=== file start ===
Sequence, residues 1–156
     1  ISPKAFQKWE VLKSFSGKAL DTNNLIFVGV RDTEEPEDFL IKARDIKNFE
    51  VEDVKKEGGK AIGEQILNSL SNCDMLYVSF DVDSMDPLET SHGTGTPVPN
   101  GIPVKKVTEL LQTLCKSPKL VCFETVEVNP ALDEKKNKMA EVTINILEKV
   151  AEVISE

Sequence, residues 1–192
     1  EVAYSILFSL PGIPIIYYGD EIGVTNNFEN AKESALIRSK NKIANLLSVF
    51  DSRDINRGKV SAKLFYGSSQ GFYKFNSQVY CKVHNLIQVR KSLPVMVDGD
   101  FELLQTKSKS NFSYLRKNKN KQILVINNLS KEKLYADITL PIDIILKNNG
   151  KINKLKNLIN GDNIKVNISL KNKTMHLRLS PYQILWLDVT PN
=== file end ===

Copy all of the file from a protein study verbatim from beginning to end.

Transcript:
Sequence, residues 1–156
     1  ISPKAFQKWE VLKSFSGKAL DTNNLIFVGV RDTEEPEDFL IKARDIKNFE
    51  VEDVKKEGGK AIGEQILNSL SNCDMLYVSF DVDSMDPLET SHGTGTPVPN
   101  GIPVKKVTEL LQTLCKSPKL VCFETVEVNP ALDEKKNKMA EVTINILEKV
   151  AEVISE

Sequence, residues 1–192
     1  EVAYSILFSL PGIPIIYYGD EIGVTNNFEN AKESALIRSK NKIANLLSVF
    51  DSRDINRGKV SAKLFYGSSQ GFYKFNSQVY CKVHNLIQVR KSLPVMVDGD
   101  FELLQTKSKS NFSYLRKNKN KQILVINNLS KEKLYADITL PIDIILKNNG
   151  KINKLKNLIN GDNIKVNISL KNKTMHLRLS PYQILWLDVT PN